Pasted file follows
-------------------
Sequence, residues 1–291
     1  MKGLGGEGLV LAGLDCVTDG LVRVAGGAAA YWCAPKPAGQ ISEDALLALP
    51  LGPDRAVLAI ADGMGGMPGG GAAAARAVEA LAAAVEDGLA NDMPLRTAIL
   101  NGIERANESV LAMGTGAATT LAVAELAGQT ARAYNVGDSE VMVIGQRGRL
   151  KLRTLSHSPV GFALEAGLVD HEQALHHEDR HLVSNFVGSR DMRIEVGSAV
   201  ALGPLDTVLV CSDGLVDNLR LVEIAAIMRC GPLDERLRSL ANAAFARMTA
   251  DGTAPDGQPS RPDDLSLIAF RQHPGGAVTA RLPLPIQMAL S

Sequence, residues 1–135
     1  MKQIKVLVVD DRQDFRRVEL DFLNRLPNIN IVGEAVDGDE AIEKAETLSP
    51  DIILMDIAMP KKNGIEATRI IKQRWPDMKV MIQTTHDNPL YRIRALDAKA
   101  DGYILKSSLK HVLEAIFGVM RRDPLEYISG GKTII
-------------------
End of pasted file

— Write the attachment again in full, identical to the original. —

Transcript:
Sequence, residues 1–291
     1  MKGLGGEGLV LAGLDCVTDG LVRVAGGAAA YWCAPKPAGQ ISEDALLALP
    51  LGPDRAVLAI ADGMGGMPGG GAAAARAVEA LAAAVEDGLA NDMPLRTAIL
   101  NGIERANESV LAMGTGAATT LAVAELAGQT ARAYNVGDSE VMVIGQRGRL
   151  KLRTLSHSPV GFALEAGLVD HEQALHHEDR HLVSNFVGSR DMRIEVGSAV
   201  ALGPLDTVLV CSDGLVDNLR LVEIAAIMRC GPLDERLRSL ANAAFARMTA
   251  DGTAPDGQPS RPDDLSLIAF RQHPGGAVTA RLPLPIQMAL S

Sequence, residues 1–135
     1  MKQIKVLVVD DRQDFRRVEL DFLNRLPNIN IVGEAVDGDE AIEKAETLSP
    51  DIILMDIAMP KKNGIEATRI IKQRWPDMKV MIQTTHDNPL YRIRALDAKA
   101  DGYILKSSLK HVLEAIFGVM RRDPLEYISG GKTII